Karl: Well in those days when you went to a dance, you held a girl in your arms and you didn’t gyrate around. You had what’s called a dance card, and all the dances would be numbered from 1 to maybe 20, that means that 20 dances would be held that consisted of the dance. And you’d go around and the men would go around because he had the dance card with the others and say we’ll trade dances, this number or whatever and that is what we did. So you danced with all the girls that were there with you and they had no choice but to dance with their partner because it was written on your card. But I happened to dance with her when we traded dances, and that did it. I fell for her and went home to BYU and told my buddies that I had found the girl that I was going to marry. Our first date was to the Prom at BYU, with a name band. Again, it wasn’t a dance like you know dances. The people actually held a girl in their arms and you danced nicely and there was no bear hugging or crap like that…sorry! Anyway, we traded dances there. It was a wonderful evening and I was overcome with love.

DB (to Amy): So when you envisioned yourself coming to America to find the “Blue Prince,” did he fit the bill?

Amy: I guess he must have! I don’t know…I never had anything like that. I was just glad to meet somebody and he was nicely dressed and nice and that was it!

Karl: So then we dated but not nearly as much as we might have because I didn’t have a car, but I soon got one after that. It was my first car. We weren’t married of course, so I belonged to a fraternity at BYU called Delta Phi, a returned missionary fraternity. And it was…if you were going to marry a girl and you didn’t have enough money to buy a ring then you “pinned” her. Every fraternity had a pin that you wore.

DB: So you gave her your frat pin?

Karl: I gave her my frat pin.

The whole story taught me another important life lesson, and it meant even more coming from my grandmother. The events that she described made it clear that things happen for a reason, and that if something is supposed to happen, it will. Call it destiny, the will of God, whatever. Even something as daunting as starting a new life in a new country with little or no experience can seem realistic and even fun if you are driven with that sense of purpose and direction…or what some call faith. Complicated things become simple. Falling in love happens faster than ever. It’s not worth it to worry. My grandmother taught me that where there’s a will there’s a way, and there is nothing wrong with turning back if you feel so inclined. In the interview, one of the recurring statements she made was, “I could always go back.” She decided that if it didn’t work out then she would go back to England and consider the “thing” an adventurous vacation. But it did work out. She met a husband and said, “Why not?” It is that spirit of “Why not?” that has inspired so many amazing people to do so many great things.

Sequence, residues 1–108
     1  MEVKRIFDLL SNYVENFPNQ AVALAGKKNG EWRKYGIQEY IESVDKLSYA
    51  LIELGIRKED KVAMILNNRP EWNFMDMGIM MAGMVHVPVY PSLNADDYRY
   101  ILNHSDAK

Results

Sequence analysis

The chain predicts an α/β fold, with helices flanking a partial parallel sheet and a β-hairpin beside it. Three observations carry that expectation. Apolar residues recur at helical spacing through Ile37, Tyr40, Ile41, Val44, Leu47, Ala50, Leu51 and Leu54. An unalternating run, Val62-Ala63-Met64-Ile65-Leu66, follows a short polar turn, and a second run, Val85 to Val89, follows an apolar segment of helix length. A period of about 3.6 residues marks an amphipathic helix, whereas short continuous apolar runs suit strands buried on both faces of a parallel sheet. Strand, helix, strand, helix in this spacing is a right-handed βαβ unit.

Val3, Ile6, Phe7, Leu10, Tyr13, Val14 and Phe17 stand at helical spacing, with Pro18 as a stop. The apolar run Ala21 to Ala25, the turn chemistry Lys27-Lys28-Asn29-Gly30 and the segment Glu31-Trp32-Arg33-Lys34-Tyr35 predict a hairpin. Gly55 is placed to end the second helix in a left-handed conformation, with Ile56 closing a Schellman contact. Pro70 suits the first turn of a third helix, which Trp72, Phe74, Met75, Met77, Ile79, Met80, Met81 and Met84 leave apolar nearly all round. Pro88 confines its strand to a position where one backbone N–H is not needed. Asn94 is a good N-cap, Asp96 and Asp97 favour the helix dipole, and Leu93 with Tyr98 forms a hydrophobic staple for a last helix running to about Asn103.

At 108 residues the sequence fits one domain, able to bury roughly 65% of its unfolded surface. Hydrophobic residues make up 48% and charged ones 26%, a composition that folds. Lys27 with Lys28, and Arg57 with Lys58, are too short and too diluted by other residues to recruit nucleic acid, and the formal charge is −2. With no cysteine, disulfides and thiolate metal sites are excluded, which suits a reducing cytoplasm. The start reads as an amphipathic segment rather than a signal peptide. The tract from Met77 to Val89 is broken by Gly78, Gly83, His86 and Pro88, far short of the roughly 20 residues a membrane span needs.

DB: So this is the early 1950’s, the war is over. What other things contributed to you wanting to come over here? I mean, I guarantee there was at least one person in England that you could have married…

Amy: There were no men, they had either all died [in the War] or were still serving or not interested in the Church.

DB: So it was all meant to be then!

Honestly, for several reasons (geographic distance being the primary), I was never particularly close to my paternal grandparents while I was growing up. Birthday cards, holiday tins of flavored popcorn, pajamas, and knitted socks and sweaters were regular, but I never developed the bond with them like I now otherwise would have liked to. That’s why that conversation meant so much to me that day. Because of that conversation I can say that I view life now through a different lens. Not only was I set straight about my grandma and grandpa’s love story, but I learned that they were once adventurous young adults with hopes, dreams, passions, and had a handful of insecurities just like me. For a brief moment I was able to witness that youthfulness as they described those events, and it was a beautiful thing. An enviable thing. The point is that life isn’t worth waiting around for things to happen to you. One might say there had to have been someone in England for my grandma to marry, but the ever-so-apparent answer to that is “No. There wasn’t.” She was supposed to marry Karl Boss and that is why she came to America. When my grandpa was invited to a dance in Salt Lake, he accepted and he went. At that dance he met Amy Horrocks, a young English girl trying her hand at the American way of life. That is where it all began. My father, Timothy, was their first child. I am his youngest. And thus we see that family is a spectacular thing. Our roots run deep, and it doesn’t take that high of a climb up the old tree to see that.

“What can you gain from fear? Nothing. What can you gain from courage? Well, if nothing else, a story worth telling.”

**UPDATE – Both my grandmother and my grandfather passed away in the latter part of 2015, not too many months after I conducted this interview. This really was the last candid moment I had with them before their health declined and disabled their abilities to communicate clearly. For that, I am forever grateful for this exchange. I finally got to bond with them.